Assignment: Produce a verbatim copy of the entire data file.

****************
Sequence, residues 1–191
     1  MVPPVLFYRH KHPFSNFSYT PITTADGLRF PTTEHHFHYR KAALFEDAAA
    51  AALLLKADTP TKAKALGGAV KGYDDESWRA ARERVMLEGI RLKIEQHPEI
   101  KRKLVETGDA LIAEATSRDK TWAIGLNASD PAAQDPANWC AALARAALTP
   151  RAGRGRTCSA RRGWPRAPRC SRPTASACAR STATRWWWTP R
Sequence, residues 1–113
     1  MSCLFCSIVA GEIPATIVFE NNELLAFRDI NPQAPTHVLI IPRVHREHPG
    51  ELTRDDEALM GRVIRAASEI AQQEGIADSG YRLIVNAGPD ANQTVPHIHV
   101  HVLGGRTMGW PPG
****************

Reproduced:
Sequence, residues 1–191
     1  MVPPVLFYRH KHPFSNFSYT PITTADGLRF PTTEHHFHYR KAALFEDAAA
    51  AALLLKADTP TKAKALGGAV KGYDDESWRA ARERVMLEGI RLKIEQHPEI
   101  KRKLVETGDA LIAEATSRDK TWAIGLNASD PAAQDPANWC AALARAALTP
   151  RAGRGRTCSA RRGWPRAPRC SRPTASACAR STATRWWWTP R
Sequence, residues 1–113
     1  MSCLFCSIVA GEIPATIVFE NNELLAFRDI NPQAPTHVLI IPRVHREHPG
    51  ELTRDDEALM GRVIRAASEI AQQEGIADSG YRLIVNAGPD ANQTVPHIHV
   101  HVLGGRTMGW PPG